It appears to be a commonplace gaining ground every day that the main reason we have a credit crisis (about which I am not writing; this is an essay in recent monetary history) is that bankers created it, and specifically that they created it because they are stupid. Nicholas Taleb (who doesn’t eat foods unless they have a name in Hebrew or Doric Greek, I just bring this up as an interesting fact rather than to suggest that here’s a man who knows stupid when he sees it) has been really quite cutting on the subject, among others. Stupid, stupid stupid. Isn’t it a shame that these stupid people in their stupidity brought this crisis among us? Don’t we need a blue-ribbon commission to make sure that such stupids never have the chance to do so much damage again?
Remember yer Keynes. Macroeconomic events have macroeconomic explanations, not micro ones. Let us consider the following statements:
1) This was a policy-caused bubble. As I wrote last week, I noted in 2002 that the Federal Reserve, among others, was attempting to engineer a housing bubble in order to soften the landing post the internet bubble. This was not, I perhaps should have emphasised, a brilliant piece of iconoclastic contrarianism on my part. The jokes were quite original, and the Beanie Babies idea was all my own, but that actual analysis was totally commonplace at the time; I can’t remember if the Fed actually said this was what it was doing and suspect it didn’t, but it was generally and tacitly understood throughout the economic policy community that rising real estate prices were a goal of policy. Oliver Kamm remembers it this way too.
2) It was not even really a bubble, in much of the world. As Brad DeLong was writing in 2005 (as I say, this one really has to fall into the category of “mistakes we knew we were making”), there’s a more or less direct linkage between interest rates and house prices, via quasi-arbitrage between the rental yield and the bond yield, combined with downward-sticky nominal rents. In some parts of the world, the rental yield/bond yield spread got way out of equilibrium, but not in all of them; in Ireland, for example, house prices simply tracked the local government bond market all the way up, and then back down again.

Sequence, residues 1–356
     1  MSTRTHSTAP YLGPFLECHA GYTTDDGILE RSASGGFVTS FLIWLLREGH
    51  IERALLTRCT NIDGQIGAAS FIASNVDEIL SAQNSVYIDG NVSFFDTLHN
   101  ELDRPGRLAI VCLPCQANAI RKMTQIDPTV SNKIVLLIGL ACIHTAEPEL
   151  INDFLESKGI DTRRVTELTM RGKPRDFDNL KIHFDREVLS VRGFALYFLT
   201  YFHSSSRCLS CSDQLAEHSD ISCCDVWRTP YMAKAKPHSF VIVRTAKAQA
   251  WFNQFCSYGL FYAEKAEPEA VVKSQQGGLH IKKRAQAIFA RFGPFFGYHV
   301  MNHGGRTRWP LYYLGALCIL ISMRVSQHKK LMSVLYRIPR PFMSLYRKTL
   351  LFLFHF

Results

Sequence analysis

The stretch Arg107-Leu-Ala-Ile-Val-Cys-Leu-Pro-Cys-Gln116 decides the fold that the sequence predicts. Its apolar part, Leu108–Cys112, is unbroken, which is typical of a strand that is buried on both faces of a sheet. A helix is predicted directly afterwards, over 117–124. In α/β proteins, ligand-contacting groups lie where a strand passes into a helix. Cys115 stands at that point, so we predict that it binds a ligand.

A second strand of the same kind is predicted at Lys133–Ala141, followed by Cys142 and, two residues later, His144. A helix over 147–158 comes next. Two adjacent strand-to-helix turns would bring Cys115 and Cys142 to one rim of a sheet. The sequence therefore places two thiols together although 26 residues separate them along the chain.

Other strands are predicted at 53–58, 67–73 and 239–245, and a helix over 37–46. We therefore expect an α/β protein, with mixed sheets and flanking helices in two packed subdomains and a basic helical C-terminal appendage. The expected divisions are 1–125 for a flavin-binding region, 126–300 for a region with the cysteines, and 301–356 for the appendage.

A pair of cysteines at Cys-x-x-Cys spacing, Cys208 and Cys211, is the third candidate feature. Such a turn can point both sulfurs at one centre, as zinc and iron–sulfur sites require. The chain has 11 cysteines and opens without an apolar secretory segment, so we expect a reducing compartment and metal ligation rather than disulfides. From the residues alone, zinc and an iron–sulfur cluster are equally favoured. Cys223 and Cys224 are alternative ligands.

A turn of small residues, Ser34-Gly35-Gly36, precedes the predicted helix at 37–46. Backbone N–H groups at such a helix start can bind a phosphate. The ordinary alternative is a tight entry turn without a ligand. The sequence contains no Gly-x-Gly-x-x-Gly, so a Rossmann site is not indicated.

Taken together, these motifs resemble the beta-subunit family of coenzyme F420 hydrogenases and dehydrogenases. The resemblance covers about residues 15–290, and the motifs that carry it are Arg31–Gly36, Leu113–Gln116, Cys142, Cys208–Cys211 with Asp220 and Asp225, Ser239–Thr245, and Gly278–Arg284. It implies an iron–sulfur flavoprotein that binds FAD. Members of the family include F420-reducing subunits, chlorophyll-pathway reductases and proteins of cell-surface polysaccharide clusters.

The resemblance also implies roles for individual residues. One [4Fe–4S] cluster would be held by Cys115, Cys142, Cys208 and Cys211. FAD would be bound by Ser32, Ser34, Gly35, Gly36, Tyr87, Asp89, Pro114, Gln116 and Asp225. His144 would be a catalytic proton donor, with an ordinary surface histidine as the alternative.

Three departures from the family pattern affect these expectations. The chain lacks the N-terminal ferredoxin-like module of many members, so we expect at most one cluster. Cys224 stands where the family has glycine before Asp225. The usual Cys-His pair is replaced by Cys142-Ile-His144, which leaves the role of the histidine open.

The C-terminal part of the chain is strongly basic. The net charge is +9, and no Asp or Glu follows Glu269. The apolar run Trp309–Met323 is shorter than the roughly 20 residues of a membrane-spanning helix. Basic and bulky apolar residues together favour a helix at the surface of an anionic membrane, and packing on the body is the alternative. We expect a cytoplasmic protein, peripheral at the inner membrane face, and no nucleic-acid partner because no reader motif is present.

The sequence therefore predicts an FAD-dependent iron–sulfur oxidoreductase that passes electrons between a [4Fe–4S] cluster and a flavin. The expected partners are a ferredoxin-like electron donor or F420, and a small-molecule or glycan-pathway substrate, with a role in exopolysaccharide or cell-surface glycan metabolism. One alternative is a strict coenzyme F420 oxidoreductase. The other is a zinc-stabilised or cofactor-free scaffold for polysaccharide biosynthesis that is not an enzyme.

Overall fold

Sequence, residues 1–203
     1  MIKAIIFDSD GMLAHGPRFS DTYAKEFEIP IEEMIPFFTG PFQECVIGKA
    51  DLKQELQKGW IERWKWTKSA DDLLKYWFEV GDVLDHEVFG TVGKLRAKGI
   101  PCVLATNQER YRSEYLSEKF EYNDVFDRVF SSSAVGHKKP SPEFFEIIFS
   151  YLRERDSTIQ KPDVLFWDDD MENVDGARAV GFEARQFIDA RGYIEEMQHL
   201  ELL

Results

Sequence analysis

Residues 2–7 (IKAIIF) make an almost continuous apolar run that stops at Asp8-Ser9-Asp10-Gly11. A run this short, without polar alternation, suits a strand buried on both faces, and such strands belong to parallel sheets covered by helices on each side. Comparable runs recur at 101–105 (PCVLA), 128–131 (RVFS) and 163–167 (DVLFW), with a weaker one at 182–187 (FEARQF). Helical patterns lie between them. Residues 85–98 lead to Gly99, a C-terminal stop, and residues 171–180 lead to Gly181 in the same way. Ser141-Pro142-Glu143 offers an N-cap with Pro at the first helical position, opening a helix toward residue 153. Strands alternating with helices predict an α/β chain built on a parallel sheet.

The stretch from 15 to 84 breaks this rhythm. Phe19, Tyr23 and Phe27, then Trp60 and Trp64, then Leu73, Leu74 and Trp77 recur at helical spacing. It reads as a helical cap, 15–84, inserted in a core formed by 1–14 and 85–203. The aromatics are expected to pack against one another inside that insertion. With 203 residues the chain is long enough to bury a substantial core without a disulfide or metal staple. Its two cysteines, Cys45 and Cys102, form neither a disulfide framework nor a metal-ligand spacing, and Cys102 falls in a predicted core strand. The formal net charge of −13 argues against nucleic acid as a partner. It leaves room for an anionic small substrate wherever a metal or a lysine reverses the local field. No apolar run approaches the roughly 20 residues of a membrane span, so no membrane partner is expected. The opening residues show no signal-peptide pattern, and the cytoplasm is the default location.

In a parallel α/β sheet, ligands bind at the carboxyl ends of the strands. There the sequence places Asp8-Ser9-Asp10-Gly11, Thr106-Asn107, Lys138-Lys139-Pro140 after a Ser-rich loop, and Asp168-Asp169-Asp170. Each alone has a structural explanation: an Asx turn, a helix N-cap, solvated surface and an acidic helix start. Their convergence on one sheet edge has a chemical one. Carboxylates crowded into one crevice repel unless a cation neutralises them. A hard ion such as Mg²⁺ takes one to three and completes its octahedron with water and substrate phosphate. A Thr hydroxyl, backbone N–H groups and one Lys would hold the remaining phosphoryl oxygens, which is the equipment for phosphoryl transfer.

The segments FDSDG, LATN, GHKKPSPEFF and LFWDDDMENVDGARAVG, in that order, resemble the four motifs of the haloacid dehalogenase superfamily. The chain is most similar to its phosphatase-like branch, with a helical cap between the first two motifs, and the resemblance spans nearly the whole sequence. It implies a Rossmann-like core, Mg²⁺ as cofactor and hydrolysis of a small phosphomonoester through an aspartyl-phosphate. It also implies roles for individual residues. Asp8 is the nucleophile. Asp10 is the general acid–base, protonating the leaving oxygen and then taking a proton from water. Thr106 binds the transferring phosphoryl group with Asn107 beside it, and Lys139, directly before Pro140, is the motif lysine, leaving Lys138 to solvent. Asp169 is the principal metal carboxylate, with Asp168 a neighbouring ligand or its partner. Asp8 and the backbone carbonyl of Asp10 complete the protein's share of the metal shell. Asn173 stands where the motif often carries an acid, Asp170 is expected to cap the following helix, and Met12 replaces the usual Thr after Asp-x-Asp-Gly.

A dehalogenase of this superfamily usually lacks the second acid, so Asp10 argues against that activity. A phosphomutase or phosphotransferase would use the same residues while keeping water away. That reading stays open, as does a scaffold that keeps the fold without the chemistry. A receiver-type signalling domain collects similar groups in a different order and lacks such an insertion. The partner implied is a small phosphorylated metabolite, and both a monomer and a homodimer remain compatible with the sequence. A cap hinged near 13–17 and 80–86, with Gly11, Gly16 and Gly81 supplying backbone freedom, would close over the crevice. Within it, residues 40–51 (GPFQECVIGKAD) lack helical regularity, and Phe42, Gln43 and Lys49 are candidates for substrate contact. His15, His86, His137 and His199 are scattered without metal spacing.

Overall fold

From these two things, I conclude that a house price bubble was more or less unavoidable.
3) The other element of the crisis was “an excessive dependence on wholesale funding”. Again, at the level of the whole system, it could not have been otherwise. It can’t be put better than in John Hempton’s perfect phrase – “The banking system intermediates the current account deficit”.
Which is to say, that if you have a current account deficit, then domestic consumption exceeds domestic saving. Unless one’s prepared to assume unlikely things about the financial system, this means that the outstanding lending of the domestic banking system will grow faster than the outstanding deposits of the domestic banking system. If this continues for a long time, and in size, then the loans will exceed deposits, and this means that the domestic banking system, as a whole, will be reliant on wholesale market funding.
4) The reasons why the Anglosphere countries ran such large current account deficits over the last ten years are, frankly, not very well understood. There’s a variety of theories – the Ben Bernanke “global savings glut”, Melanie Phillips theory of “a crisis of morality and buy-it-now culture caused by Richard Dawkins” (what do you think I’m lying or something, the intentional undervaluation of Asian currencies, lots and lots of them. But nobody, so far, has come up with a theory under which the entire driving force of the world economy has been the stupidity of stupid bankers.